1. Exclusion and limitation clauses – Look for these types of clauses or ask outright if there is such a clause in what you are signing (get them to refer you to it so you can check their honesty). This will list or summarise everything that the contract/document does not include and what the other party is not liable for. The best example of a document riddled with such clauses, is an insurance policy. When you sign an insurance policy, it is important that it covers what you want and one of the quickest ways to confirm this, is to take a quick look at what is excluded. For example Billy asks Janet for an insurance policy for his car. Janet gives him an insurance policy for his car. Billy is in a hurry for a meeting and trusts that he has been given a policy to insure his car, HOWEVER he flicks to the exclusion clause and sees that the policy does not cover RED cars. Billy’s car is maroon, so, arguably red. Billy takes this up with Janet. Janet amends the policy for Billy so that the operative clause clearly states that Billy’s maroon (and therefore not red) car is covered. Always check what a contract expressly excludes.  If it excludes accidental damage and you need it to cover all damage then obviously you are not signing. Another example would be a limitation of liability clause, often found in services contracts. Say for example you hire a professional polisher to polish your silver worth £3,000 but the contract of hire states that liability for any damage arising out of the contract at the fault of the professional polisher, is limited to £500 only. Obviously, you are not going to sign. Who’s going to pay for the remaining £2,500 worth of damage? Always check how liability of the other party is limited. If you sign a contract with a rubbish liability clause, that’s your fault.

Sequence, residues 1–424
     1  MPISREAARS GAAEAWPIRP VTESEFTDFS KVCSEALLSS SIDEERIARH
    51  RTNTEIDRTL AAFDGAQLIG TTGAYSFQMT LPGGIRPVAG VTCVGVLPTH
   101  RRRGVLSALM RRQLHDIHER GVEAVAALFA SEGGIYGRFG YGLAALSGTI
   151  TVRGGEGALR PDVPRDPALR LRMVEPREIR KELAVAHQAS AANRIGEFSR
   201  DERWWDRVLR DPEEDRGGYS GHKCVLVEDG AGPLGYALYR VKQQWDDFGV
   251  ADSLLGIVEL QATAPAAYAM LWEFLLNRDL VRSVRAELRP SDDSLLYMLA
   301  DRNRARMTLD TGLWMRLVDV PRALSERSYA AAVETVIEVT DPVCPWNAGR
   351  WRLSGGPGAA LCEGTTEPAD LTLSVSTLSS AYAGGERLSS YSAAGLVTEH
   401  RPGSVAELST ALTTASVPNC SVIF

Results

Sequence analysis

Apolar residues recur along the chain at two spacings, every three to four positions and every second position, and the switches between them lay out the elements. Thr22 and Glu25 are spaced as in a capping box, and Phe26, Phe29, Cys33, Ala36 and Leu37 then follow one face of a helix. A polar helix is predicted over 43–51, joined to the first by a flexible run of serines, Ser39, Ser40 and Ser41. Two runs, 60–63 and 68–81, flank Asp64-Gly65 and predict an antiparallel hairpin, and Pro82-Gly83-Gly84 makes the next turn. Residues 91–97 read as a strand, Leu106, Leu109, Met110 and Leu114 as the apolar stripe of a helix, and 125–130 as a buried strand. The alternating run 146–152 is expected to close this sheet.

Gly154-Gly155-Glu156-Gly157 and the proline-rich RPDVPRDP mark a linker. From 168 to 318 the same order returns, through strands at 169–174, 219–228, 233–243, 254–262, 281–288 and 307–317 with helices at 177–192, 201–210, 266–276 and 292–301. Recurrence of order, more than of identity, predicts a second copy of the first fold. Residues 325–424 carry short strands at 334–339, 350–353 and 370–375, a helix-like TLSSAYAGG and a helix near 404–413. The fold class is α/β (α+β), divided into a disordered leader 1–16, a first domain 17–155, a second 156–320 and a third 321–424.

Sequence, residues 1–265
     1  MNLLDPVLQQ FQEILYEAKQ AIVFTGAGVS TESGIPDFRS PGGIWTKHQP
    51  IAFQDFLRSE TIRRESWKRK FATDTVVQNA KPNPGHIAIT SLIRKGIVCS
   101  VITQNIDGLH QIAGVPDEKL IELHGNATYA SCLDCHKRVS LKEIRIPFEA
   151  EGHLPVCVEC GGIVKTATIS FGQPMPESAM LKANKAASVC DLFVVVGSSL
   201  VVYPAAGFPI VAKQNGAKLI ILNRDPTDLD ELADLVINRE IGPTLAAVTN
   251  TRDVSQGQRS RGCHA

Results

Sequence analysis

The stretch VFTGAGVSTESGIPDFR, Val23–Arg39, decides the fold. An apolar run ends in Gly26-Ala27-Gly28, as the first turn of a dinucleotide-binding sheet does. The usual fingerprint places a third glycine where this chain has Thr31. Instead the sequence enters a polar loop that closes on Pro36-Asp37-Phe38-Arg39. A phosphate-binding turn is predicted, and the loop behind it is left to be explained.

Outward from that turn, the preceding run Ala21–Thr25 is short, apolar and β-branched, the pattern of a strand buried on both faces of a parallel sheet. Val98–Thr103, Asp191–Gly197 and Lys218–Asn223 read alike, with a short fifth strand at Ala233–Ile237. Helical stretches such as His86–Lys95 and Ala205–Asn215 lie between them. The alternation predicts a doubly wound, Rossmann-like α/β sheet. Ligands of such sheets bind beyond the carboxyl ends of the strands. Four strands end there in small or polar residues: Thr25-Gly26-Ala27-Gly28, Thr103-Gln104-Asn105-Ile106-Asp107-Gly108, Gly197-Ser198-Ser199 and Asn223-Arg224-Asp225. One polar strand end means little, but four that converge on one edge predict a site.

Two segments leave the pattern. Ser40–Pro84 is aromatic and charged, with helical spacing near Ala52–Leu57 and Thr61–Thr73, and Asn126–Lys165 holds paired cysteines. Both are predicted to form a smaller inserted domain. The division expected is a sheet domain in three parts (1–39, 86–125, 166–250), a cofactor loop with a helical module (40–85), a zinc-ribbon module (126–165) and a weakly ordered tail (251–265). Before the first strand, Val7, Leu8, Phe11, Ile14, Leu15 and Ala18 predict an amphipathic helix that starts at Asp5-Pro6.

2. Payment provisions – Always check that the numbers are what you agreed. An extra zero here, a missing discount there is BAD for business. If you have agreed a specific discount just take that second to double check that it is expressly in the contract. DO NOT worry if the other party finds it offensive that you are checking, they will respect you for it. Even if my best friend gave me a contract to sign, I would check it right before their very eyes! Also, what happens if you pay late or you have a dispute with a charge? What does the contract say about that? Checking this clause or asking directly about this clause (then getting them to refer you to it specifically) will ensure that the most important thing of all, money, is properly accounted for!
  3. Termination – Imagine your face when you try to switch suppliers and you find that you have signed an indefinite contract! That’s a worst case, silly scenario but hopefully it highlights how important it is to know how to get out of a contract before you sign it (I’ve said this before). Business is unpredictable and you may need to get out of a contract really fast – knowing the termination provisions at the outset can help you to consider all possible scenarios in which you may want to terminate the contract early and therefore judge whether the contract in question is one you want to sign or amend.

I have to also add the obvious cautions, check who you are contracting with. If you are doing business with Joe Blogs Plc make sure it says Joe Bloggs Plc and not Joe Bloggs Ltd. Also, don’t forget the dates, it will take no time at all to make sure the document is dated correctly. Again, these are just TIPS for those of you ALREADY signing standard contracts without checking ANYTHING. If you are one of these people, at least check the above three things or else suffer the consequences. Once you sign a commercial contract, there is very little anyone can do for you if it turns out to be a bad deal. The Courts have no sympathy for business to business contracts because both parties are considered sophisticated.

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Are you clear?

 

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It’s been a while. Like you, I’ve been busy. So much is going on and it is great. I’m learning more and more about the things that people like you (business owners and entrepreneurs) need from their lawyers. However, in the last few weeks something has come to my attention. Lawyers are renowned for it but it appears that we have finally passed it on to our clients….ridiculous speech.